Earlier this month, the Board of Mayor and Aldermen created the commission and charged it with two primary tasks: to review and recommend One Kingsport projects throughout the year and to provide an annual report on the accomplishments, metrics and progress of the various projects.
Jane Henry, a real estate agent with Blue Ridge Properties the past 13 years, was picked by Mayor John Clark to serve as the chair of the commission.
Jane and her husband Brian (an attorney with Eastman Chemical Company) have lived in Kingsport for 21 years, during which time she has served on a number of boards and commissions within the community, including the Kingsport Chamber of Commerce, the United Way and the Junior League of Kingsport.
During the One Kingsport process, Henry served on the Destination City work group and the prioritization committee.
“It’s important for the city to figure out how to recruit people to not just work in the city, but to live and become a part of the community,” Henry said. “There was annexation, which probably accounted for a majority of the growth in the last decade. Because of changes at the state level, those aren’t options anymore, and we’re actually going to have to sell our city and convince people to move here.”
The One Kingsport movement is essentially a five-year road map for the Model City, born out of a two-day summit held last fall. Nearly 200 volunteers worked for months brainstorming and refining “big ideas,” policy changes and capital projects to recommend to the BMA, which they did back in March.
“There’s one thing almost all of the groups identified and discussed: taking care of what we got and making sure we’re putting our best foot forward,” Henry said. “It would cost some money in the budget but it wouldn’t be a tremendous amount of money, and I think it would make a huge difference.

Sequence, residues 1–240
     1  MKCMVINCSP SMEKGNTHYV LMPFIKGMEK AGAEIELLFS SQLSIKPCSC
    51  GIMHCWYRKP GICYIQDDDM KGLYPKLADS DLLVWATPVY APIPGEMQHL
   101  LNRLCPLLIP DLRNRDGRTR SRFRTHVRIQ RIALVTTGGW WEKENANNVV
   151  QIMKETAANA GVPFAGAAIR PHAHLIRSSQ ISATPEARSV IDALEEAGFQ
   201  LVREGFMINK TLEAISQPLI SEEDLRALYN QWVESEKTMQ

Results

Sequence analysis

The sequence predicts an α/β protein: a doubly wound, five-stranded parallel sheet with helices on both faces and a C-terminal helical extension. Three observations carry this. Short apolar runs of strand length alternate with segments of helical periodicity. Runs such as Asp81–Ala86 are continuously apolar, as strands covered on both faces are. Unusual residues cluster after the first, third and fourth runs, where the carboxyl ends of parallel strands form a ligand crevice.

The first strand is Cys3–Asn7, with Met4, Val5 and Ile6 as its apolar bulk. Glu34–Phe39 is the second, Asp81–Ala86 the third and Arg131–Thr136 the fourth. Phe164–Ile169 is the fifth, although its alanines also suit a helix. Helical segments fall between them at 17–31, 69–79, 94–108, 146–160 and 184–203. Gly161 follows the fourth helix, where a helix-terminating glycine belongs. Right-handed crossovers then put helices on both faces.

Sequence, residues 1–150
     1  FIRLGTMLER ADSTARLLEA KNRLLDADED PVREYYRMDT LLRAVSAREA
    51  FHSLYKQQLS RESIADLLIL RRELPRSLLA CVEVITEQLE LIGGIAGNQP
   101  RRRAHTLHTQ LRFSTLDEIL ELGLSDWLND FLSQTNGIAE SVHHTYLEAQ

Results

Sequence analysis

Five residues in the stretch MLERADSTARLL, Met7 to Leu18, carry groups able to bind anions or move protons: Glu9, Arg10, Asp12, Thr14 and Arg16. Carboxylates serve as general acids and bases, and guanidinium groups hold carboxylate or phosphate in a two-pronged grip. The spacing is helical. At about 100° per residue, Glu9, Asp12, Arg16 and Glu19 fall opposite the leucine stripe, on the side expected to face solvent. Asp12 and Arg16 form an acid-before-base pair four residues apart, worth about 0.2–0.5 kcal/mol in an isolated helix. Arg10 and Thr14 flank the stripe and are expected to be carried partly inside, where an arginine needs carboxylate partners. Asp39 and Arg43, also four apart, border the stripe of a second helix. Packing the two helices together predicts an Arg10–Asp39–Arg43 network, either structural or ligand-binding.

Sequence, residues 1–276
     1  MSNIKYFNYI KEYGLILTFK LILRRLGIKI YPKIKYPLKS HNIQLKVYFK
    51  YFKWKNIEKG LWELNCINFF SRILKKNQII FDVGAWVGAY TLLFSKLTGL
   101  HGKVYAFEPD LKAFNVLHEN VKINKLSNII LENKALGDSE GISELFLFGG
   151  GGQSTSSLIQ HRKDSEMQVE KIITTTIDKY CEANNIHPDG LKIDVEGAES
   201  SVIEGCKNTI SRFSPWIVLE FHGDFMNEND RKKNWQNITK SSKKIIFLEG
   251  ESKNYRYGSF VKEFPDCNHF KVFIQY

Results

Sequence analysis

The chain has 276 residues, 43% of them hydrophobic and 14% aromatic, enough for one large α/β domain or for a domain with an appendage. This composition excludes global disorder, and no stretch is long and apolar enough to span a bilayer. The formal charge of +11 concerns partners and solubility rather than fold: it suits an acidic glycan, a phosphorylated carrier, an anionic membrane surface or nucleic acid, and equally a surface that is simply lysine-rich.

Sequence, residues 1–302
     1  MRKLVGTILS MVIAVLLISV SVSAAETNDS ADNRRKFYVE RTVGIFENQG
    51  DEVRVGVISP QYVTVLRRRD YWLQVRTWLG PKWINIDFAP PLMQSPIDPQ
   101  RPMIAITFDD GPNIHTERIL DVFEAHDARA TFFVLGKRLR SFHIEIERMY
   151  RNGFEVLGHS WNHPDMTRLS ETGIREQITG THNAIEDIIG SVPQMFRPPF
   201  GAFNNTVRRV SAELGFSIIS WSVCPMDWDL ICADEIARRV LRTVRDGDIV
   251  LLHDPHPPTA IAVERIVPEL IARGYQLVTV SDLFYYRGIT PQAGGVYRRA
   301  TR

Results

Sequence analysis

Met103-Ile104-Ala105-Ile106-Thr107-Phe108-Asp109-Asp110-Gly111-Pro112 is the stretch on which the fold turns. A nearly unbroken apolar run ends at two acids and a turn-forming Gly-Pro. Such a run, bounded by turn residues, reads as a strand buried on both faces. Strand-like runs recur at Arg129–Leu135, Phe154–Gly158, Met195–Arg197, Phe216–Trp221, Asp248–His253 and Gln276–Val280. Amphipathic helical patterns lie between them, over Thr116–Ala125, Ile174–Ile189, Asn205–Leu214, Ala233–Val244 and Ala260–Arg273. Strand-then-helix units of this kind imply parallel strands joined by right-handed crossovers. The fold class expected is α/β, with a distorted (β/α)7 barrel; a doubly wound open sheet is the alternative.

“It’s like curb appeal in real estate. It goes a lot further than people realize.”
Each member of the advisory commission will serve a four-year term and meet — at a minimum — quarterly to discuss the progress of One Kingsport and develop metrics and a report card for each project.
Henry said she would like to hold the inaugural meeting of the commission next week and a second meeting later in the month. As things ramp up, the meetings could be held monthly before ultimately moving to quarterly sessions.
“I don’t see us micromanaging,” Henry said. “At the same time, I think our responsibilities will be as a liaison between projects and the BMA. It’s important for us to be involved enough to have a clear understanding and what the goals and measure are.”
Though the five-year One Kingsport plan includes more than 100 ideas, city officials and the BMA are focusing on first-year recommendations: beautification and streetscape improvements, upgrades to Bays Mountain Park, establishing neighborhood commissions and starting the process of creating a large outdoor venue and maker space downtown.
When the prioritization team met earlier this year, Henry said it met twice before narrowing down the list of more than 100 projects into a year one list of about a dozen recommendations to the BMA. A few big-ticket items made the list, along with some “quick hit” beautification efforts, policy changes and a few master plan suggestions.
“What we have now is a raw list that came from those work groups and they spent months looking at ideas. We’re just now starting to look at the rest of the list, to flesh it out and fully understand everything that’s been proposed,” Henry said.
One of the bigger-ticket items coming out of the One Kingsport summit was the creation of a large outdoor venue in the downtown area. The likely location is on the old General Shale property opposite Brickyard Park.
Henry and her husband have previously lived in Atlanta and the D.C. area, have in-laws who live in Chattanooga and visit Asheville fairly often. Her husband enjoys live music and the two have been to a number of large outdoor venues.
Henry said “the devil is in the details” when it comes to Kingsport having such a facility.
“I think the idea of something, where it would be a multi-use area is very positive,” Henry said. “But it’s going to come down to what’s actually proposed and the cost.”
Henry said the advisory commission would work with the BMA along the way when it comes to the cost of any particular project and how the city’s overall budget looks for the coming year.
“We wouldn’t want to take them a wish list that has $20 million worth of projects and they can only fund a million,” Henry said.